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Operations fundamentalsπŸ”—

Cryptographic Operations are specific tasks or methods that use cryptographic keys and algorithms to secure or authenticate data. These operations encompass various cryptographic tasks such as encryption, decryption, hashing, signing, and key management.

Operation types include:

  • Key Generation
  • Encryption / Decryption
  • Signature Generation / Verification
  • Message Authentication (MAC)
  • Key Management
  • Security Protocols
  • Cloud Storage

Operations details pageπŸ”—

When operations are discovered in an analysis, details will be available in associated reports and instance views. To view Operations details:

  • In a Report, select the Operations tab, then select an ID to open its Operations details.
  • When a rule is related to an operation, select an Instance, then select an ID to open its Operations details.
  • When Operations details include wrapped keys, select the Wrapped key or Wrapped by key ID to view the associated key details.


    The Operations tab is only available in reports or instances where operations are associated with the discovered cryptography.

Operations details headerπŸ”—

The Operations Details page header summarizes the operation:

  • Type - the cryptographic operation performed.
  • Context - TLS or Non-TLS. Monitoring TLS-related operations ensures data security in transit over networks.
  • Algorithms - the specific cryptographic algorithms employed, such as AES for encryption, RSA for signature generation, HMAC for MAC, etc. Monitoring algorithms ensures compliance with security standards, detects insecure configurations, and identifies potential vulnerabilities.
  • Timestamp - facilitates time-based analysis of cryptographic activities, allowing for the detection of anomalies, correlation with other security events, and forensic investigation of security incidents.


    If an operation involves multiple calls, the timestamp of the operation reflects the final call.

  • Call site - identifies the location or origin of the cryptographic operation within the system or network. Monitoring call sites aids in identifying legitimate and authorized cryptographic activities, detecting unauthorized access or misuse, and troubleshooting security issues.

Operation details tablesπŸ”—

Based on the analysis type and the cryptographic operations discovered, the tables below the header on the Operations details page can display relevant information for:

  • Keys
  • Instances
  • Calls
  • Handshakes (Network reports only)

The following sections provide a detailed exploration of each Operations details table.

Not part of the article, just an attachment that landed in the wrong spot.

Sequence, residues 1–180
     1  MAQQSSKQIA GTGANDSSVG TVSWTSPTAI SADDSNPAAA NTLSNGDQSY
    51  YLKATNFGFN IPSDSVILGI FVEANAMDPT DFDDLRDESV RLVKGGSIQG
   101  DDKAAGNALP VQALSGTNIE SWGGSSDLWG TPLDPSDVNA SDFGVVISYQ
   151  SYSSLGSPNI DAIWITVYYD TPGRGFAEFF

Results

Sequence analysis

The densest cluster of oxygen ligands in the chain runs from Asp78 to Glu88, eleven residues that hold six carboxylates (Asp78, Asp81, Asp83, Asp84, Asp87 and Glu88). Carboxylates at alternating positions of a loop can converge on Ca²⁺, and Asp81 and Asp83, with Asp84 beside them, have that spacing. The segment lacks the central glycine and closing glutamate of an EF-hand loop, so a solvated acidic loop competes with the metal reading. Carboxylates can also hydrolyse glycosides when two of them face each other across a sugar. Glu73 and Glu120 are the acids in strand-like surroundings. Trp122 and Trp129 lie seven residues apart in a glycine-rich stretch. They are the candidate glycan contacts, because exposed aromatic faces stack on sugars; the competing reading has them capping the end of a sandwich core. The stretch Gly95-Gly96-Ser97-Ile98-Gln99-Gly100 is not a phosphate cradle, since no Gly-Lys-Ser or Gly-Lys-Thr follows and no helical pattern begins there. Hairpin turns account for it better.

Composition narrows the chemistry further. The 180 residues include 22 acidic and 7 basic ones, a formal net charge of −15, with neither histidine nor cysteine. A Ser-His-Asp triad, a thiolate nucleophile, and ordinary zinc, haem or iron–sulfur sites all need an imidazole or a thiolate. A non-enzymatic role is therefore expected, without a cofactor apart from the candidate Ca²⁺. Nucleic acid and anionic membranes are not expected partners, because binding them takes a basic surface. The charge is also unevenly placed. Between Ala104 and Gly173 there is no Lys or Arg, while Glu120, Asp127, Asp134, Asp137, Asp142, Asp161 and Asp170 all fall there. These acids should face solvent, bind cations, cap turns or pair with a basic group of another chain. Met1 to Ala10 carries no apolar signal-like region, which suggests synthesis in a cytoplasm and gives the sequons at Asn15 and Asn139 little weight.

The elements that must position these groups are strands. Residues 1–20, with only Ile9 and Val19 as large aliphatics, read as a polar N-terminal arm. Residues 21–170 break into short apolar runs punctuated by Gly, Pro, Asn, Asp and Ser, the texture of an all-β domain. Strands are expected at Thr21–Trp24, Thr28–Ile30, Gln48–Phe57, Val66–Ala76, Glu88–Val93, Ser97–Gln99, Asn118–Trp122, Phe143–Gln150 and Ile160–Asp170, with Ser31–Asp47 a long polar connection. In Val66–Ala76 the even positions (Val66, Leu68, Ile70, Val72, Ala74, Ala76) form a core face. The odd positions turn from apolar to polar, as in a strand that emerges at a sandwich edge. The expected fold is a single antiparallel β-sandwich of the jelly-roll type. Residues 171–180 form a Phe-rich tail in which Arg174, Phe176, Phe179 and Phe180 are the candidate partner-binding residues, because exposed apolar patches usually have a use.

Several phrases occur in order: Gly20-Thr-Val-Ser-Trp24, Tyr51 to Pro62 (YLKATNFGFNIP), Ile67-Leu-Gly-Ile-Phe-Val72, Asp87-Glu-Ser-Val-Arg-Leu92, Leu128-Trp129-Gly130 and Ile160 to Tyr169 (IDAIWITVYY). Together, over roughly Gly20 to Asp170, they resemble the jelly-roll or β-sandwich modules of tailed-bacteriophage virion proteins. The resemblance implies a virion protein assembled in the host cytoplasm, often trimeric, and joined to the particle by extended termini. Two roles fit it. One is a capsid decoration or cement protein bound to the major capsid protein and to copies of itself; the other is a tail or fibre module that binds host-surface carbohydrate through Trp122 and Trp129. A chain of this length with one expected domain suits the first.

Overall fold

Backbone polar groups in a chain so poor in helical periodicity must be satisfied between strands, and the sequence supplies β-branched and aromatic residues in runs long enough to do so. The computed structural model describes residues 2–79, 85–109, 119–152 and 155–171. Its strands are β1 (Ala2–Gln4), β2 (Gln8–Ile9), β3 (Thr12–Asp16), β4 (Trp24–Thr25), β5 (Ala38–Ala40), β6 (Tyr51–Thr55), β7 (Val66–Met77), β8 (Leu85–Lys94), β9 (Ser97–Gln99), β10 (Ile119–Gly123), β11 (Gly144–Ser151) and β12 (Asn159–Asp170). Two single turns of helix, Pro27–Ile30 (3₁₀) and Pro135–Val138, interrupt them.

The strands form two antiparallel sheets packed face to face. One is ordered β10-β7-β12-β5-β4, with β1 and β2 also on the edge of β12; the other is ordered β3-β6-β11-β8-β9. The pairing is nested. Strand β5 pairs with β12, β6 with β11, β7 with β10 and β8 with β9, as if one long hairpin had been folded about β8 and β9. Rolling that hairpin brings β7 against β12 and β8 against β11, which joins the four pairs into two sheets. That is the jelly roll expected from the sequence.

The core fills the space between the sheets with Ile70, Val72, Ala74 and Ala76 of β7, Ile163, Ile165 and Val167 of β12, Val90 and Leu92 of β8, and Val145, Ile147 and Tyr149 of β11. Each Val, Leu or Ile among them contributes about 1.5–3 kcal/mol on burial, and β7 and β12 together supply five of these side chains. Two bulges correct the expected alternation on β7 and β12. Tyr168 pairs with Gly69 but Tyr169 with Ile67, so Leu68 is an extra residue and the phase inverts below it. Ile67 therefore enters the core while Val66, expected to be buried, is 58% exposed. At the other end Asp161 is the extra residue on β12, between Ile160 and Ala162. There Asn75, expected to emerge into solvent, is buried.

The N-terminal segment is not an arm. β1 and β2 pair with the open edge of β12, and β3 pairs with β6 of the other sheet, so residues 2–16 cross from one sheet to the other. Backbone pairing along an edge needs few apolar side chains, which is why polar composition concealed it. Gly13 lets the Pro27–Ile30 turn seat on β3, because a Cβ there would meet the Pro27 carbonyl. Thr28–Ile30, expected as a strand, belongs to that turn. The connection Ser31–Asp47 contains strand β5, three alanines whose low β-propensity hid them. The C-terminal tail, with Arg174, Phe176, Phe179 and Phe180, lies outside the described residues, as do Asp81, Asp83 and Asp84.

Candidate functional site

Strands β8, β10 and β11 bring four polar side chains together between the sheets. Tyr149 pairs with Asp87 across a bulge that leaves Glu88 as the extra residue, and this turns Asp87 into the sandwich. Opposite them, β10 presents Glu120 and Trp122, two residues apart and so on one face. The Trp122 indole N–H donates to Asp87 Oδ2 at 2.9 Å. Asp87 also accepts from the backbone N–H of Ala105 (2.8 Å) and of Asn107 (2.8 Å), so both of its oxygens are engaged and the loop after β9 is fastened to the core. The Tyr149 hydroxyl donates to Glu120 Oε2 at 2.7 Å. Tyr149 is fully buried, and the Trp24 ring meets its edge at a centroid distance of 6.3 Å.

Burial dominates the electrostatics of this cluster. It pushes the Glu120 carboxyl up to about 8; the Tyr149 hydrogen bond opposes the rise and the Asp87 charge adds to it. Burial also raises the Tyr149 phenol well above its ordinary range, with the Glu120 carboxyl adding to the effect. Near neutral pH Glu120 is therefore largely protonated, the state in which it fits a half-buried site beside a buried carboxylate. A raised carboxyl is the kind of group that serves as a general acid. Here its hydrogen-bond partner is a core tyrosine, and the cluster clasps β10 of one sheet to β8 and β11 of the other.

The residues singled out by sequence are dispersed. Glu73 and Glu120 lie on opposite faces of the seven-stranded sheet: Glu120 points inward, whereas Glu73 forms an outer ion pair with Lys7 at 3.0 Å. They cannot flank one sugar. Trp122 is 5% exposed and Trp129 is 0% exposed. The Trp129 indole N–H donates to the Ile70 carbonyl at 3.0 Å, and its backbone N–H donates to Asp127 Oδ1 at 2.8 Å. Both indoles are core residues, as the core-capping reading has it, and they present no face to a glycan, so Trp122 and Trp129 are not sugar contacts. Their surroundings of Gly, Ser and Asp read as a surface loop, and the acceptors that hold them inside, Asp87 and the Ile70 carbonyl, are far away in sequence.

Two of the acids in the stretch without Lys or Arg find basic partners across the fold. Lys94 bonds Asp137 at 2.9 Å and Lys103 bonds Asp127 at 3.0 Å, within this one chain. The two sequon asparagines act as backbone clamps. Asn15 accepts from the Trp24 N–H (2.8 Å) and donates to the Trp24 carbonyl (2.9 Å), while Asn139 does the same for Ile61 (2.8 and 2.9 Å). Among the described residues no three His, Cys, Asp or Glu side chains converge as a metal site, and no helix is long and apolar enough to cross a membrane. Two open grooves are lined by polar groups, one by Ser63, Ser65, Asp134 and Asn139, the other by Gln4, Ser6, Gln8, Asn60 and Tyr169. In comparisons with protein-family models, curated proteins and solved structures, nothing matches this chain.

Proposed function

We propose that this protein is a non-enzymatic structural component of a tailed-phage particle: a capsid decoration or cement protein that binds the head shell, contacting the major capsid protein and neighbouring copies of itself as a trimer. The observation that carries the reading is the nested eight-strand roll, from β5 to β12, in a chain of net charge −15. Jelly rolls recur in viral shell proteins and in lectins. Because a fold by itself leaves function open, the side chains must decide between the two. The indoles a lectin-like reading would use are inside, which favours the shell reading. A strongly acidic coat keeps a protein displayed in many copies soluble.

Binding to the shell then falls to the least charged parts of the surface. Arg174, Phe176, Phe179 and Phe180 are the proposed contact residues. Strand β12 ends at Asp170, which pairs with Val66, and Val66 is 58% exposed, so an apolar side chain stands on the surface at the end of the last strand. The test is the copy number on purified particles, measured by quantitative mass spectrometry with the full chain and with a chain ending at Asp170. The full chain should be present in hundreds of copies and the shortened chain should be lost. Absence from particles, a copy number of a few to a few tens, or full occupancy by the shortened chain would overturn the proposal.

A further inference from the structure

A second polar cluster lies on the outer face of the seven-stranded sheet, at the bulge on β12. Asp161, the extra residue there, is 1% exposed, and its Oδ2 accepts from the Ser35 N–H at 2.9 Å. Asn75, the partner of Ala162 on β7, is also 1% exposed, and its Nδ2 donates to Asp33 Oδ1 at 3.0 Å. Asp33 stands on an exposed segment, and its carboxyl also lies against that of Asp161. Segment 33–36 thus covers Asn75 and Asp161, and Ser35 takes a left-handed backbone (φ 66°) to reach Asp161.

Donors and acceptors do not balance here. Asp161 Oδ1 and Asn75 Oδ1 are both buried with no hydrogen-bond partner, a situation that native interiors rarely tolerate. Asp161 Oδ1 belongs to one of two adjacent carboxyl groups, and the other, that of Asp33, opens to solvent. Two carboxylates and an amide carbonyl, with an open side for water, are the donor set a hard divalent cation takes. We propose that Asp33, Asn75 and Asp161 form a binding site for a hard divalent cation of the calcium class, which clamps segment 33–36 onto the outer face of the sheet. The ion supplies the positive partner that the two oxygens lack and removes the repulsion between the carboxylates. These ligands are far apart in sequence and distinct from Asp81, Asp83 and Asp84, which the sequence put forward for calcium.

Details for keys can include information such as:

  • Key role - how the key is used relative to the selected operation.
  • Cipher data - the data that was either encrypted or decrypted by the key in the operation, as indicated by its role (Encryption / Decryption).
  • First call - the initial invocation point in the codebase where the cryptographic operation is initiated.
  • Wrapped key - a cryptographic key secured by encrypting it with another key.
  • Wrapped by key - property of a wrapped key that specifies the key used to encrypt it.


The Instances table on the Operations details page lists the instances of rules related to the operation.


Details for calls made to cryptographic functions are provided when they are available. To access call details, expand the dropdown next to the timestamp.


A network report may provide handshake details, such as:

  • Source IP / Destination IP - IP addresses of the devices initiating and receiving the connection.
  • Source Port / Destination Port - Port numbers used for communication by the source and destination devices.
  • Client Timestamp / Server Timestamp - Times when the client and server sent or received handshake messages.
  • Server - The server involved in the handshake process.
  • Ciphersuite - Encryption algorithms and methods used for secure communication.

Operations: A real-life exampleπŸ”—

While reviewing a Java application report, Maria identifies the high-severity issue: Diffie-Hellman group too small. Maria recognizes that this out-of-policy issue poses potentially serious audit and security risks.

She selects the instance 512-bit DH keypair generated once to investigate further. Next, she selects the related operation to open the Operation details page. She then:

  • Examines the details and the JSON snippet at the top, including the parameters for the operation.
  • Selects a key ID to see what else was done with the keys used in the operation.
  • Scrolls down to the Calls, and examines the call arguments, paying particular attention to the stack trace at the bottom of each call to see which part of the application the call originated from.

By reviewing this detailed information, Maria pinpoints the specific calls, arguments, algorithms, and cryptographic elements involved in the issue. She also identifies the exact location in the source code where the issue occurred and determines the module from which the call was made.

Because Maria’s organization configured Jira integration, she selects Export to create a ticket for the team responsible for remediating the instance. Guided by the file names and line numbers, they will update the source code to correct the cryptographic operations and address the vulnerability.